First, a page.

Series Land Rovers have a relatively simple mechanical design. Diagnosis of problems should therefore be more easily accomplished. But there are many ways in which the path to a correct diagnosis may be obstructed. This homepage article attempts to provide a framework for a more effective diagnostic process. It encourages lateral thinking in the process of finding the cause(s) of a problem. Later articles will focus upon specific problems and their diagnosis; presented in the form of logical exercises.
Before trying to diagnosis the cause of a particular problem, there are few fundamental truths that need to be uppermost in our mind:
1. As all doctors are aware - not all symptoms are relevant to the diagnosis of a particular illness. We need to be aware that some of the sounds, vehicle behaviours or mechanical issues may not all be relevant to the particular problem that we wish to solve.
2. Due to their age, Series Land Rovers will most likely have had several owners before we acquired the vehicle ourself. We should not therefore assume that previous repairs have all been carried out correctly or with good quality parts.
3. There may be more than one problem occurring simultaneously and we may be experiencing the combined effects of each of them.
4. A problem that re-occurs after a repair has been carried out, may not be due to the repair being ineffective, but that the original diagnosis was faulty and the problem infact lies elsewhere.
Each of the above four points will now be considered in more detail.
The term "symptoms" is being used in the widest sense. It may be a sound, a smell, or a driving effect such as jumping out of gear or lack of engine power. The fewer the symptoms, the easier it should be to reach a diagnosis. If there are several symptoms, then vehicle history becomes an important factor. We need to recall carefully how long each symptom has been evident. We also need to be open to the idea that a long standing symptom may or may not be related to a newly noticed one. For example, a long standing oil leak from the flywheel housing drain plug hole may well be related to a more recently experienced slipping clutch: suggesting that simple clutch adjustment may not be the cure, but that the clutch actually needs replacing. Alternatively, an ignition warning light that fails to fully extinguish, may not mean that there is a problem with the dynamo/alternator if a recent modification to the electrics has been incorrectly carried out.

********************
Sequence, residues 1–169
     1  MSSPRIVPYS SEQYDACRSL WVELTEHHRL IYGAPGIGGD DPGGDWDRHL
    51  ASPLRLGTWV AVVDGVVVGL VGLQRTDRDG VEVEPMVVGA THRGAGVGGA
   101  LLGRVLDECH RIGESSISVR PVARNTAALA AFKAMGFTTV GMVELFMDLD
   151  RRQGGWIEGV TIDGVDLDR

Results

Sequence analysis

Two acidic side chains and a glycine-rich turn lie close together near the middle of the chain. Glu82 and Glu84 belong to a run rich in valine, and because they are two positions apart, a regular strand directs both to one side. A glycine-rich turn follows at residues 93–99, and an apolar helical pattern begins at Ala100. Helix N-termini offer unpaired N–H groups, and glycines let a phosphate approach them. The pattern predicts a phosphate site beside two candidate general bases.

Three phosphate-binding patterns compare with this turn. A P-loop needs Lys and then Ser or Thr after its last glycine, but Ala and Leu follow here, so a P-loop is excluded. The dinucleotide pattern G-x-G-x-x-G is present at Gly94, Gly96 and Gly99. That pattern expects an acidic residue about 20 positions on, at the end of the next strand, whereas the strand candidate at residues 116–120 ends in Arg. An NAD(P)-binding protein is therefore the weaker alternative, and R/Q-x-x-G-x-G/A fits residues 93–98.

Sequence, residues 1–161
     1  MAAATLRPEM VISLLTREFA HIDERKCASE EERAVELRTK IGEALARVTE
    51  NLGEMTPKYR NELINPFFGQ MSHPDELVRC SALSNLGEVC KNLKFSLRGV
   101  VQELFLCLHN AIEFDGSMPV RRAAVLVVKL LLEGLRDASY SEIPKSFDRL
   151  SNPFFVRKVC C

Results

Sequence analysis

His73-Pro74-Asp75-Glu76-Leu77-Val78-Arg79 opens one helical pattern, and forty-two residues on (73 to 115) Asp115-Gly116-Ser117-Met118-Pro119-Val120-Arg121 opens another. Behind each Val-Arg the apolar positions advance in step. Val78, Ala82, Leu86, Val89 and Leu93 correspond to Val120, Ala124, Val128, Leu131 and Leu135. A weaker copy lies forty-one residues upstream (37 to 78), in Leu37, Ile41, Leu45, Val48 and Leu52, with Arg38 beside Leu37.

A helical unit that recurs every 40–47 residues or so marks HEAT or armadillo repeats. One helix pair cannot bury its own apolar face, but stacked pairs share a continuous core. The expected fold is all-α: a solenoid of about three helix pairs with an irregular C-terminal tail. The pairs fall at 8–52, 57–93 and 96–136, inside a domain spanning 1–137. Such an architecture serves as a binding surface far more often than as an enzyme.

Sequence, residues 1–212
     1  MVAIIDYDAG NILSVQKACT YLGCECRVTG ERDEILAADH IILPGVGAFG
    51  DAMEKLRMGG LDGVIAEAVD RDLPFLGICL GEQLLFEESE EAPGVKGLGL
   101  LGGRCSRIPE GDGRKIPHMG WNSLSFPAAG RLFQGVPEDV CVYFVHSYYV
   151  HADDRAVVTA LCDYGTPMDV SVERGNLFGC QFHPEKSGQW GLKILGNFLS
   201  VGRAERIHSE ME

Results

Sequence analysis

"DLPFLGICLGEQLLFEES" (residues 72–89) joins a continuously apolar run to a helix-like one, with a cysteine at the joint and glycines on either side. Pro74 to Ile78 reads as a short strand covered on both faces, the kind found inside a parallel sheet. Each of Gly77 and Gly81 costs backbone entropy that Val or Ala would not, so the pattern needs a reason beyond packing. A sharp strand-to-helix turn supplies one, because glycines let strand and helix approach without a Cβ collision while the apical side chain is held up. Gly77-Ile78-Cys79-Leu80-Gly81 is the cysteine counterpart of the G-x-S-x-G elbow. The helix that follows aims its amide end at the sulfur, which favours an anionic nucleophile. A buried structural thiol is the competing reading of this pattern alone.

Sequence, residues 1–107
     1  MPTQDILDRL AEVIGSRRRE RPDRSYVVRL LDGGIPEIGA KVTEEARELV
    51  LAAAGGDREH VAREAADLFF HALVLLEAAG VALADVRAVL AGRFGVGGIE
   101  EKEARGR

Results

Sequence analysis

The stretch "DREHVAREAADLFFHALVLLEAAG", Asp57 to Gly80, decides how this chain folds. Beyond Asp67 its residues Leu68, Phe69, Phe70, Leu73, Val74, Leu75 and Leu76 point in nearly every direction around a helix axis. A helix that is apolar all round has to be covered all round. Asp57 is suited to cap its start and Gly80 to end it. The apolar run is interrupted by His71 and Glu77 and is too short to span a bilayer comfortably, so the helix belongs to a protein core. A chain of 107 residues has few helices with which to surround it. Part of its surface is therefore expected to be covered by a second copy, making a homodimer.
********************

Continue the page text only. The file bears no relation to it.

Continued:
Sometimes it can be helpful to think what symptoms may be missing if a particular diagnosis is being considered. For example, if the starter motor fails to turn over the engine, the reason could be a discharged battery. If that is the case, then the headlights should not stay bright for very long when switched on. If there is no problem with the lights then the starter motor or its circuitry can be suspected.
2. Vehicle history
The average age of a Series Land Rover means there will be a lot of history. Fault diagnosis is generally based upon the assumption that the mechanical aspects of the vehicle are as they should be and that no parts are missing and none have been fabricated or substituted by parts from other non Land Rover vehicles. For example, a sharp thud sound occasionally heard from the front of the vehicle when cornering, could be due to loose U-bolt fixings. But it could also be due to somebody forgetting to re-fit the slotted nut securing the halfshaft, so the halfshaft 'floats' more than it should do. Maintenance and repair books do not list options like this.
Problems related to vehicle history are particularly relevant if you have not owned your Series Land Rover for very long. So when buying a vehicle it is useful to question the previous owner and gain in your mind some idea of what their mechanical competence is, especially if they admit to having maintained the vehicle themselves.
3. Multiple causes
When one component in a vehicle becomes worn, or fails, then it will have effects on other parts that are mechanically associated with it. This is one reason why minor problems should not be ignored. To ignore them is to allow them to expand in scope and a correct diagnosis may rely upon you being able to recall the initial minor problem. For example, it can happen that the voltage regulator for the fuel and temperature gauges can fail causing these gauges to read low. If this is not remedied then a problem due to engine overheating is less likely to be avoided.
4. Recurring problems
Problems can sometimes come back, even though a remedy has been carried out. It may be that the remedy was not carried out correctly, but it could also be that another problem has lead to the same symptoms being observed. So the remedy was successful but another fault now has to be found and rectified. For example, Series Land Rovers are not renowned for their acceleration, but when it is particularly poor, it may be that blowing air through the jets in the carburettor improved the situation, but then the problem soon returned. In this case it could be that the additional fuel filter that owners often install had become partially blocked - even though it may have been renewed recently. So the initial fault was correctly dealt with but now a similar fault has occurred due to the common factor of contaminated fuel.
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